Introduction Currently there are no established treatment options for fatty liver disease. Glucagon-like peptide 1 (GLP-1) analogues have been shown to reduce hepatic steatosis and markers of liver inflammation in rodents.
Aim To determine the efficacy of 2 years treatment with 1.8 mg liraglutide, a once-daily human GLP-1 analogue, on fatty liver disease and body composition in patients with poorly controlled type 2 diabetes (T2D).
Method Analysis was performed on the “Liraglutide Effect and Action in Diabetes-2” (LEAD-2) study cohort. LEAD-2 was a 26-week, double blind phase III trial with a 1.5-year open-label extension. Patients were randomised (2:2:2:2:1) to liraglutide 1.8, 1.2 or 0.6 mg/day, glimepiride 4 mg/day or placebo, all in combination with metformin 1.5–2 g/day. DEXA (n=160) and computerised tomography (CT) (n=154) sub-studies were performed to measure body fat composition and hepatic steatosis (defined by a liver-to-spleen attenuation ratio <1), respectively.
Repeated measure and ANCOVA analysis was performed using last observation carried forward on the intention-to-treat population to estimate change from baseline. Values expressed as mean (SD).
Results 529/1091 patients (58% male; 87% white; age 56.7 years (9.5); body mass index 31 kg/m2 (4.7); HbA1c 8.4% (0.9); male alanine aminotransferase (ALT) 32.0 IU/L (17.9); female ALT 27.3 IU/L (14.9)) completed 2 years treatment. Of the subjects enrolled in the sub-study 75% had the metabolic syndrome (ATP III classification) and 65.7 % (90/137) had hepatic steatosis on CT at baseline.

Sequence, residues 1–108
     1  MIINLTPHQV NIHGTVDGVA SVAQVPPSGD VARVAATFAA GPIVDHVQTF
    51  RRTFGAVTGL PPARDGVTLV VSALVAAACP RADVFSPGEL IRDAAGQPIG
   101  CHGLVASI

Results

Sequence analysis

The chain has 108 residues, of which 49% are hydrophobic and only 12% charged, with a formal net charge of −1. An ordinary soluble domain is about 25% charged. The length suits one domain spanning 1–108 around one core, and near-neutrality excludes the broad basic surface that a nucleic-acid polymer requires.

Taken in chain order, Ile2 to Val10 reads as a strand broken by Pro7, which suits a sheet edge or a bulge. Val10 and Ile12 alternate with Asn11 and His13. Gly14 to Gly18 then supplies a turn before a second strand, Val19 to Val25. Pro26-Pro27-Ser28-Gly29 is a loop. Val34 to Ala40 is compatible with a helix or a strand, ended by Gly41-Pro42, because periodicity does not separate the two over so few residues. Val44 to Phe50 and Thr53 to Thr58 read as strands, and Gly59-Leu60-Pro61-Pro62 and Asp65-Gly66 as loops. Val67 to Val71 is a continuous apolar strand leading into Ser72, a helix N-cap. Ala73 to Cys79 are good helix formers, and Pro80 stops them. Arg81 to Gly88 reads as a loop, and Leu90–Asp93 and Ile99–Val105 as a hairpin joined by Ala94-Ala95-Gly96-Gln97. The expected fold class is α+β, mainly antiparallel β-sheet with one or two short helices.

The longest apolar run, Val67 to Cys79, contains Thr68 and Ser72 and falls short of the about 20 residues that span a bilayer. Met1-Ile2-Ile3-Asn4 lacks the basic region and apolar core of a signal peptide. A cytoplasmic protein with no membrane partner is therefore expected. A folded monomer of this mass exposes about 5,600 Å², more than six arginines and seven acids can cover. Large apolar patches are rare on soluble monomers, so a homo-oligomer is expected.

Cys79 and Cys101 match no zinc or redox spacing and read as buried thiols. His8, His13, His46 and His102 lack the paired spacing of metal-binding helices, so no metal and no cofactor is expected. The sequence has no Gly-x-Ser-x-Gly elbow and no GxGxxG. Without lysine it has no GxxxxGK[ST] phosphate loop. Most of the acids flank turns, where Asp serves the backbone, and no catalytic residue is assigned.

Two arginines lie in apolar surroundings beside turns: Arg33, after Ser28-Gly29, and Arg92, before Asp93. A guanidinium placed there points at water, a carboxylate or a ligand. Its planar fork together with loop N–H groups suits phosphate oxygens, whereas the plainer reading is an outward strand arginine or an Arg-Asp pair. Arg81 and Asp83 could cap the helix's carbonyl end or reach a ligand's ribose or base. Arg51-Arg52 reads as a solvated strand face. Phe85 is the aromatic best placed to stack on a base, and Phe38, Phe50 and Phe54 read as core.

Patients with elevated ALT levels (53%) at baseline (males >30, female >19 IU/L) had a significant reduction of ALT with liraglutide (−8.53 from baseline 40.9 IU/l, p<0.0001). This was a significant improvement vs glimepiride (p<0.05). 37% of patients normalised their ALT with liraglutide in comparison to 21% on glimepiride.
Liver-to-spleen attenuation ratio significantly increased with liraglutide (+0.10, p<0.05) indicating reduced hepatic steatosis. Reductions in trunk fat tissue mass, trunk lean tissue mass and % total body fat with liraglutide were significantly different vs increases with glimepiride (−3.0 kg, −1.3 kg, −2.05%, respectively; p<0.05). Greater improvements were seen in liver-to-spleen attenuation ratio (+0.05), trunk fat mass (−1.6 kg) and % total body fat (−0.63%) with liraglutide vs placebo.
Conclusion Two years treatment with liraglutide significantly improves liver enzymes and hepatic steatosis in patients with T2D and associated fatty liver disease. Significant improvements in % body fat, in particular central adiposity support the role of liraglutide in reducing hepatic steatosis and cardiovascular morbidity.
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